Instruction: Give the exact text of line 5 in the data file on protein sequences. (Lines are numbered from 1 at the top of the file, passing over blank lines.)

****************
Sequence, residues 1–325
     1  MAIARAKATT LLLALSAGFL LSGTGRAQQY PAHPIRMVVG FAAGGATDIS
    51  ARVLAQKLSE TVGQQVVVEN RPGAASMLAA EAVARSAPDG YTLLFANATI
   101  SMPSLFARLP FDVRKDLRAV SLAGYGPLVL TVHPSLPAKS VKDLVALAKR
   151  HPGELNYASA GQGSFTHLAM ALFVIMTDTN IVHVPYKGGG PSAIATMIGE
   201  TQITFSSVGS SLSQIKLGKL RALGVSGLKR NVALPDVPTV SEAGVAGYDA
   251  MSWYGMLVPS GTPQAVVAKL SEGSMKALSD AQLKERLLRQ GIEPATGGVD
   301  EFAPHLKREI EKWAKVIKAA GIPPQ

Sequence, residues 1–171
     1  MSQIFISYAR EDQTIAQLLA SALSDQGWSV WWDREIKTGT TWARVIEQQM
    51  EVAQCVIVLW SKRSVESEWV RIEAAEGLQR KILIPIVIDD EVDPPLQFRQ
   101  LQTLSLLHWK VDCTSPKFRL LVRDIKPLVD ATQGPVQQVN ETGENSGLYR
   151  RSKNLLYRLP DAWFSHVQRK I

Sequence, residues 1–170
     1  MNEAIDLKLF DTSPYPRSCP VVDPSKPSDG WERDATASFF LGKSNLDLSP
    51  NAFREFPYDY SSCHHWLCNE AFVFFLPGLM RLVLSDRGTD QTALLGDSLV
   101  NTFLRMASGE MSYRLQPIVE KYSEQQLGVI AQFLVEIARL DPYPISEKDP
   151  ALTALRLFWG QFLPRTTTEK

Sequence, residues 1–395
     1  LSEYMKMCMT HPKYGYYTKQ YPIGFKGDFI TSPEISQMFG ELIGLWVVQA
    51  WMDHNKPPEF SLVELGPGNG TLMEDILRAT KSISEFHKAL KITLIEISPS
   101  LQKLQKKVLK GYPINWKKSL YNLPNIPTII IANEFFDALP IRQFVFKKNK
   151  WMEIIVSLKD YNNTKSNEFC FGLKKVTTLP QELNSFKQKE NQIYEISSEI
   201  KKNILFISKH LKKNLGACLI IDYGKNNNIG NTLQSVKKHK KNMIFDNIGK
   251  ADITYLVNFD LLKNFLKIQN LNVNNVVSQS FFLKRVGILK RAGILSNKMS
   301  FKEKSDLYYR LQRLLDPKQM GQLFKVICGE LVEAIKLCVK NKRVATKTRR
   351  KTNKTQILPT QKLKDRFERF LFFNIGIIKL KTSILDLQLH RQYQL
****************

   151  HPGELNYASA GQGSFTHLAM ALFVIMTDTN IVHVPYKGGG PSAIATMIGE